“The Massachusetts Legislature just passed and the governor signed a bill that prohibits discrimination on people based on gender identity,” Frank said. “They already had one on sexual orientation. But it’s in employment; it does not include public accommodations. It avoids the whole issue of what happens in locker rooms and bathrooms.”
Frank added he thinks ENDA will become law when the Democrats have control of the White House and both chambers of Congress.
“Given the polarization of this issue and the extent to which the Republican Party has moved to a virtually unanimous overwhelmingly anti-LGBT position — with some exceptions in the Senate on ‘Don’t Ask, Don’t Tell’ — it’ll be the next time you get a Democratic House, Senate and president,” Frank said.
Frank also commented on the importance of having openly LGBT members of Congress, saying, “Personal factors mean a lot.” Frank’s departure could lead to a reduction in the number of openly gay members of Congress, although other candidates are in the running.
“Voting in the abstract on an issue is one thing,” Frank said. “Telling someone with whom you have had good personal relations that you think he’s inferior — that’s harder. … If you believe we should be finishing the fight against … legal discrimination based on sexual orientation and gender [identity], it is important to have people who are gay or transgender or lesbian in the mix.”
As far as issues that weren’t LGBT-specific, Frank also responded to what he thought would happen to Congress after the 2012 election. He said Democrats could win control of both chambers of Congress, but he doesn’t believe Democrats would have sufficient seats for a “workable majority.”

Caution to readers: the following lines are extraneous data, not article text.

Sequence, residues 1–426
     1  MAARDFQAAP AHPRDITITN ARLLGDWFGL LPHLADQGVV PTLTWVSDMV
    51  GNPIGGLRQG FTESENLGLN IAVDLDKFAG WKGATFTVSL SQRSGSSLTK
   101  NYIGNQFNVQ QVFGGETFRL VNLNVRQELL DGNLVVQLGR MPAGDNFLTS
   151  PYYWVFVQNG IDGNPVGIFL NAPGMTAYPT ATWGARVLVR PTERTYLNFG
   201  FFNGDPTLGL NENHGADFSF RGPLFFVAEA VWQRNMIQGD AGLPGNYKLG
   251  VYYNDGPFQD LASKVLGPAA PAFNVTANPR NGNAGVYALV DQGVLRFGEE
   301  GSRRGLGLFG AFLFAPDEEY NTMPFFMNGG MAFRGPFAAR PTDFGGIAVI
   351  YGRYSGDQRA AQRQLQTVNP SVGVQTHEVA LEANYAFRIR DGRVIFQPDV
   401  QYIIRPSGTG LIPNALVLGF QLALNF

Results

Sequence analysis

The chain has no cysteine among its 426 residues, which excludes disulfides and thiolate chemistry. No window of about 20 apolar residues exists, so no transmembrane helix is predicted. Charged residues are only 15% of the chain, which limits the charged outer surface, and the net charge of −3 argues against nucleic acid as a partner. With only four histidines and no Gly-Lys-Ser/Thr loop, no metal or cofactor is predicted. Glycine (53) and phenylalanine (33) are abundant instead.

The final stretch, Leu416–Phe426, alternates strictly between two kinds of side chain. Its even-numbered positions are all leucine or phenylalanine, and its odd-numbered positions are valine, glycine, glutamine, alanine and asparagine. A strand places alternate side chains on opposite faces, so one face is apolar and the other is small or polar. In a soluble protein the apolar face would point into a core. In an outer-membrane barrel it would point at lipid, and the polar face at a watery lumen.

“I don’t think we will have the unusual circumstances we had of having enough senators to almost break a filibuster,” Frank said. “I don’t think in either House you’re going to have workable majorities. I guess that’s the best way to put it. I think it’s very possible that we will have a Democratic majority, but I don’t think you’re going to see a workable congressional majority for the next two years in the House or the Senate.”
Frank also ruled out the possibility of being appointed as secretary of the Department of Housing & Urban Development. Frank had earlier expressed interest in the position in a biography published in 2009. If he had received such an appointment, he would have become the first openly gay Cabinet member.
“My hope that was that Obama would get elected, we would have four years under Obama’s presidency of Democratic control and we could establish some new housing programs,” Frank said. “We would establish some new housing programs and I would like to have the chance to administer them. Unfortunately, it didn’t work out.”
Frank continued that his “biggest disappointment” over his congressional career was that he didn’t advance rental housing programs over which HUD would have jurisdiction as much as would have liked.
“So the reasons that I would have liked to be secretary of HUD would be to administer programs that don’t exist,” Frank said.
Frank also followed up on comments he made Monday saying he “lived a good enough life to be rewarded by Newt Gingrich being the Republican nominee.” The former House speaker is currently the front-runner among the GOP presidential candidates, according to some polls.
The lawmaker said he “isn’t an expert on the Republican nominating process” but believes the rise of Gingrich is the result of dissatisfaction with former Massachusetts Gov. Mitt Romney, whom some consider the establishment candidate for the Republicans.
“I must say, when I saw the Sunday edition of the Union Leader endorse Newt Gingrich, I guess I channeled my grandmother, ‘From Joe McQuaid’s lips to God’s ears,'” Frank said. “It just seemed to me — given the Freddie Mac thing, the marital difficulties, the other issues that he’s got, the fact that he was forced to pay a fine by the House of Representatives — it just seemed to me unlikely. I guess, but, again, I’m not an expert on this, the distaste for Mitt Romney is so strong, it outweighs some of Gingrich’s problems.”